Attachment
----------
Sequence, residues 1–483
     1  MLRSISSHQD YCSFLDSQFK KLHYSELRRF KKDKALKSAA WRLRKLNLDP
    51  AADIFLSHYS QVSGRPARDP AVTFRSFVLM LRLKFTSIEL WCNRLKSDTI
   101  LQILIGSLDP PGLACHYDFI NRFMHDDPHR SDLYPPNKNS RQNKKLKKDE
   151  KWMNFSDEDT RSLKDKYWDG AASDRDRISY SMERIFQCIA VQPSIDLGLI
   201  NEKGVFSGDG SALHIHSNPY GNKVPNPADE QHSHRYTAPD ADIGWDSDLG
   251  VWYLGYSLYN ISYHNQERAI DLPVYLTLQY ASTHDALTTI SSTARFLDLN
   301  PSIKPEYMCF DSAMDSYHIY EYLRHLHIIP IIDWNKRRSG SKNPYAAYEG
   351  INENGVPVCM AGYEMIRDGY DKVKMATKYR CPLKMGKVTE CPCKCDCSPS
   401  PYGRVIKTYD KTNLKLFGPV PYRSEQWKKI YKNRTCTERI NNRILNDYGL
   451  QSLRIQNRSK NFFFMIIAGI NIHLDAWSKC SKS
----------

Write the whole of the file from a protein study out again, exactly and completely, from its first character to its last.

Sequence, residues 1–483
     1  MLRSISSHQD YCSFLDSQFK KLHYSELRRF KKDKALKSAA WRLRKLNLDP
    51  AADIFLSHYS QVSGRPARDP AVTFRSFVLM LRLKFTSIEL WCNRLKSDTI
   101  LQILIGSLDP PGLACHYDFI NRFMHDDPHR SDLYPPNKNS RQNKKLKKDE
   151  KWMNFSDEDT RSLKDKYWDG AASDRDRISY SMERIFQCIA VQPSIDLGLI
   201  NEKGVFSGDG SALHIHSNPY GNKVPNPADE QHSHRYTAPD ADIGWDSDLG
   251  VWYLGYSLYN ISYHNQERAI DLPVYLTLQY ASTHDALTTI SSTARFLDLN
   301  PSIKPEYMCF DSAMDSYHIY EYLRHLHIIP IIDWNKRRSG SKNPYAAYEG
   351  INENGVPVCM AGYEMIRDGY DKVKMATKYR CPLKMGKVTE CPCKCDCSPS
   401  PYGRVIKTYD KTNLKLFGPV PYRSEQWKKI YKNRTCTERI NNRILNDYGL
   451  QSLRIQNRSK NFFFMIIAGI NIHLDAWSKC SKS